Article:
I’m at Shock of the Old 2008 at Oxford. The wine reception ended at 7.00 (the buffet: marinated, grilled courgette, pepper and mushroom, salted black olives, marinated green olives, smoked tofu (praise be!), breads, leaves, cherry tomatoes, olive oil, balsamic vinegar, lots of caper berries, two types of melon, strawberries and grapes – and animal, fish and shredded sea creatures). Peaked somewhat early (5-7 is a strange time for a wine reception, very welcome though it was) so instead of going to the pub I walked in University Park at dusk. When the gates shut I wasn’t ready to stop so wandered in the direction of the interesting stuff. It was very quiet but as I rounded Radcliff Camera I could hear music coming from a half open window in All Souls and I had the sense of future politicians and celebrity bloggers sequestered in study bedrooms reading Hobbes and filling ashtrays.
I write this from my room for the night in Keble College. S booked it and though it carries the feral odour of teenage boys, it’s very atmospheric. My curtains are open and beyond them is the quad. Keble is Victorian gothic, a bit like a toned-down Natural History Museum, but it has a workhouse atmosphere for some reason. Apart from the entrances, I can’t see another light. I’m afraid. Next to me is a cup of weak black PG and the unshaded desk lamp is throwing my shadow onto the magnolia gloss on behind me. The furniture is dark stained wood and the carpet, which clashes with the bedspread, is covered in a fine mesh of human hair. I have no idea how much it costs. I slightly wish I was in the Youth Hostel.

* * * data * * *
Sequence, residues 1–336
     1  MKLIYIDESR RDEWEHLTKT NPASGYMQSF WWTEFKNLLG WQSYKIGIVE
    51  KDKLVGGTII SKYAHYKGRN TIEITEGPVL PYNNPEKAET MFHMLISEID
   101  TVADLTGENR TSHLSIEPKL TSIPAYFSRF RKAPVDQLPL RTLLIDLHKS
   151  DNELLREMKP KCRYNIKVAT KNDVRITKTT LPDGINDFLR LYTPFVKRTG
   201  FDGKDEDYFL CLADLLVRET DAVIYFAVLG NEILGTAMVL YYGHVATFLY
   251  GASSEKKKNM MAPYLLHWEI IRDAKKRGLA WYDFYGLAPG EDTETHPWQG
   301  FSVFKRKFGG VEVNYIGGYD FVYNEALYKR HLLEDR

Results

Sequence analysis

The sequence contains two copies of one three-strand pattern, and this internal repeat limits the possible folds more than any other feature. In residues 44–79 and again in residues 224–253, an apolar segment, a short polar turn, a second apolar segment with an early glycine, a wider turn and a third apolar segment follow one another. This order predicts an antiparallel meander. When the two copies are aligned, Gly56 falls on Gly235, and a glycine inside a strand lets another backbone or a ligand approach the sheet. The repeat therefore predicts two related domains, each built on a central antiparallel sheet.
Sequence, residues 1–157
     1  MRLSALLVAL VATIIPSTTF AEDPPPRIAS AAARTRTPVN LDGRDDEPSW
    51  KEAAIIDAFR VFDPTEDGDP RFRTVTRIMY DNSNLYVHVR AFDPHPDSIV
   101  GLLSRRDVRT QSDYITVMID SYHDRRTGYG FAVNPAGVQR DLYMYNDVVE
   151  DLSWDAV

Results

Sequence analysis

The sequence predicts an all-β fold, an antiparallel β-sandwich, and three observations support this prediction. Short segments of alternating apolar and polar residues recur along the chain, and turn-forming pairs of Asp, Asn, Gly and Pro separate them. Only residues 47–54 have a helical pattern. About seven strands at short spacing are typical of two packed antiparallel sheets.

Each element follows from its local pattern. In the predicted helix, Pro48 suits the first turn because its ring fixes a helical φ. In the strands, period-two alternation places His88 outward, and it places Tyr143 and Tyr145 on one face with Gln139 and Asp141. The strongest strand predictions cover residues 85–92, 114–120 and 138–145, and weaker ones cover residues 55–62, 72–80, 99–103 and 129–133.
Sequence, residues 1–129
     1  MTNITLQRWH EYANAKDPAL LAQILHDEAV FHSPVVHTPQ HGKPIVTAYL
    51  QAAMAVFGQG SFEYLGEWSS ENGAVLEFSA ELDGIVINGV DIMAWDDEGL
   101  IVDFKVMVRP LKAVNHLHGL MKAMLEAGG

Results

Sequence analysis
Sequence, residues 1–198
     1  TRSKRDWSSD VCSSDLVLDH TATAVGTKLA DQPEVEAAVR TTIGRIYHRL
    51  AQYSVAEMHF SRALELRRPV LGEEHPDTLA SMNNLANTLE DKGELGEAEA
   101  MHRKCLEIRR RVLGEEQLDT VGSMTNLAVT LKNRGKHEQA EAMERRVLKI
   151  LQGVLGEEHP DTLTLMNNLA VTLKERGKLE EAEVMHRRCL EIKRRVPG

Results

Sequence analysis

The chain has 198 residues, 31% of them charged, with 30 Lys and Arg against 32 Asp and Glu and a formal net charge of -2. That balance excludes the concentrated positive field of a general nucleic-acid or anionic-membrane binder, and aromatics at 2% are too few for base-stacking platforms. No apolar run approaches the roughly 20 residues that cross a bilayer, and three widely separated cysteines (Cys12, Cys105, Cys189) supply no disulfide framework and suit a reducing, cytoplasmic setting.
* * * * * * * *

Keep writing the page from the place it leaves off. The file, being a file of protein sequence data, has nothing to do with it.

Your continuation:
This conference is good as always. I enjoyed Ron Barnett talking about the will to learn, after a pretty condescending beginning revealing a considerable ignorance about the development of the debate about learning technologies. Once he got onto his own material, he was illuminating. Fred ‘runaway train’ Garnett put forward a distinction between pedagogy (the cognitive), andragogy (the metacognitive) and heutagogy (the – this was the buzzword of the day and probably the coming year, I have no idea what they’ve all been reading – epistemic). Then after these insights, arrived at some very pedestrian conclusions about institutions and it turned out that the meat of his work was this definition. Or maybe I missed something – everybody agreed that he had gone too fast.
Niall Sclater did a Virtual Learning Environment fightback to counteract the creeping influence of the Personal Learning Environment movement. I thought he made a good case. In the morning it looked as if there would be a stand-off between the Personalisers and the Formalisers but this dissipated by lunchtime. There was a question about Open ID as a facility which would allow both students and tutors to work in third party systems of their choice beyond the VLE but to pull data from those (unaccountable) third party systems onto institutional systems such as the VLE. He gave the question short shrift which I thought was a shame because OID does indeed have huge potential as a bridge between Personalisers and Formalisers, I think.